1. Martin Brinkmann said on November 10, 2017 at 5:39 am
      Reply

      I don’t know to be honest. Never used it before. Probably there is one, but it is still annoying if you missclick.

      1. peipei said on November 12, 2017 at 10:50 am
        Reply

        @Martin Brinkmann

        what about that https://www.ghacks.net/2017/11/09/block-you-need-to-format-the-disk-message-in-windows/#comment-4278600

        sounds like a good idea and it works too

    2. anon3 said on November 10, 2017 at 3:39 pm
      Reply
  2. SCBright said on November 10, 2017 at 11:16 am
    Reply

    In case the encrypted drive is a usb drive, how to safely eject it if it does not appear in explorer?
    I believe that trying to solve an annoying situation creates another as annoying as the first …

    1. Mike said on November 10, 2017 at 12:12 pm
      Reply

      If the volume is not mounted in Windows there is no need to “eject” the device. The eject option is there to flush any potentially cached data on the mounted volume and avoid corruption. (you won’t corrupt any file if they are not accessible by Windows at first)

  3. Lantro said on November 10, 2017 at 12:20 pm
    Reply

    You are supposed not to have encrypted disks. Security is for corporations. Individuals who focus on security usually have something to hide. :-)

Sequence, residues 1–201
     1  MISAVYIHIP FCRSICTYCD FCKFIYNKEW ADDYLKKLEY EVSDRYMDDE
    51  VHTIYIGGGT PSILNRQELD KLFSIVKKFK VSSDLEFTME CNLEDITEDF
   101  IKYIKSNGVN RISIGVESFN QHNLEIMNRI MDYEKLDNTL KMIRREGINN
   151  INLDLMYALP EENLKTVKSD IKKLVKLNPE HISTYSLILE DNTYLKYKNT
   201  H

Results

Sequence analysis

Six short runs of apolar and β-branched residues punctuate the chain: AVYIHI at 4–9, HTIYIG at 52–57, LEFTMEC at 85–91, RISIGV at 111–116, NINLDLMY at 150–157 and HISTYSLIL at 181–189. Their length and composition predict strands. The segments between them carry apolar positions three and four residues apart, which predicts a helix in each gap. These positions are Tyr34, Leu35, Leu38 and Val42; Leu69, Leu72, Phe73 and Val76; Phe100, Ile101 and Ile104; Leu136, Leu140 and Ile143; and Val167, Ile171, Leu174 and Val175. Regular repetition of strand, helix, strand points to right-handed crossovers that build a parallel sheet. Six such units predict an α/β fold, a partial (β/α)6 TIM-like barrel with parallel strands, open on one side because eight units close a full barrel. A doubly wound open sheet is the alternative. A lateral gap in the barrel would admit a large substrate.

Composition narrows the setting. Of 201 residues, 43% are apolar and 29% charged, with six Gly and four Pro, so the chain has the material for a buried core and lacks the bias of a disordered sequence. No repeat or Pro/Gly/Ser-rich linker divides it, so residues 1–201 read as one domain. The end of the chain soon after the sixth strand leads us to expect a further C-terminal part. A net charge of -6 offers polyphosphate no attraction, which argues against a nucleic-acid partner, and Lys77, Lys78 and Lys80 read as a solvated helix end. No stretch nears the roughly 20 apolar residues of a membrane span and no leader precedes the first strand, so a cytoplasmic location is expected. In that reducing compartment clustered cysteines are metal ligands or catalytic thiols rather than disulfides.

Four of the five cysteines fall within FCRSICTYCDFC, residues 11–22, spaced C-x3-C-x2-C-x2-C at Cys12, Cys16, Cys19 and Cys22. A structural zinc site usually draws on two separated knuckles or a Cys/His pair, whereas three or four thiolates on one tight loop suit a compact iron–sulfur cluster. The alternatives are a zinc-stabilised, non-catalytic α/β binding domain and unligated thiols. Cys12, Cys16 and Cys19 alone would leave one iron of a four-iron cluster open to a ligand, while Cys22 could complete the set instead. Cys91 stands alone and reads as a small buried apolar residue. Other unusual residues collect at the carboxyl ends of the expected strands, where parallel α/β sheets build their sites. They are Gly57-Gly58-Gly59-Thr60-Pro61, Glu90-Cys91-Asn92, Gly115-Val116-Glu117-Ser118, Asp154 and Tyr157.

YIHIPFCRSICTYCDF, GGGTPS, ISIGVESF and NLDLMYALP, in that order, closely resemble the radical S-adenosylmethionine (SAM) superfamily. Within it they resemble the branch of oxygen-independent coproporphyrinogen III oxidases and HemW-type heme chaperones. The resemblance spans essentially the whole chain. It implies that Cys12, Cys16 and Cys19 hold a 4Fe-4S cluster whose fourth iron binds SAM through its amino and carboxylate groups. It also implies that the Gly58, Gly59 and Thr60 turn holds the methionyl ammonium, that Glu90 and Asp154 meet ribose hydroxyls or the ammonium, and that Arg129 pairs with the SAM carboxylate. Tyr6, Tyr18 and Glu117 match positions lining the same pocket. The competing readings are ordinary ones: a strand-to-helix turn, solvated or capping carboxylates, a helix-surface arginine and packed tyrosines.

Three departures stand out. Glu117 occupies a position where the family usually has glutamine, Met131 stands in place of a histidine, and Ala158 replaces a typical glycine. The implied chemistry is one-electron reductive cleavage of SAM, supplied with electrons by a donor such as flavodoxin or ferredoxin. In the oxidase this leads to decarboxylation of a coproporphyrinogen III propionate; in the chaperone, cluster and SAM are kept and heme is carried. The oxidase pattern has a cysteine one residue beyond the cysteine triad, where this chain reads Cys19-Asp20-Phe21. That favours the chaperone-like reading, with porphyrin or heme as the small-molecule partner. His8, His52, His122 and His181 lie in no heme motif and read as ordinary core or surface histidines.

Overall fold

1. anonona said on November 11, 2017 at 12:48 pm
      Reply

      @Lantro

      I like how you slipped in “usually” into your comment, otherwise it would just usually sound like an utterly naive comment.

      Usually people who are oblivious of what’s going on in the technology world and that usually dont read security advisories have similar naive views and display a total disregard about their privacy and data.

      So because these people dont care about their privacy or personal information or data, everyone else that does must have something to hide too, usually.

      You’re hilarious.

  4. Franck said on November 10, 2017 at 1:22 pm
    Reply

    Excellent !

  5. Anonymous said on November 10, 2017 at 10:30 pm
    Reply

    ‘I suggest you back up the drive before you run any operations on it to avoid data loss.’
    How, if you can’t access the drive ?

    1. anonona said on November 11, 2017 at 12:54 pm
      Reply

      @Anonymous

      You can backup any drive with Acronis True Image (Bootiso my preferred way) or Macrium, it should enable you to backup any type of partition without affecting the data contained. It may require a large destination for the backup big enough to hold a 1:1 state.

      You can also clone the disk to another disk with Acronis. probably the simplest way.

  6. anonona said on November 11, 2017 at 12:39 pm
    Reply

    You can simply hide the drive from showing up in windows explorer while retaining drive letter

    https://support.microsoft.com/en-us/help/555438

    if you make a backup of the existing regsitry structure prior to making changes, this will serve as a undo, should you need it in future.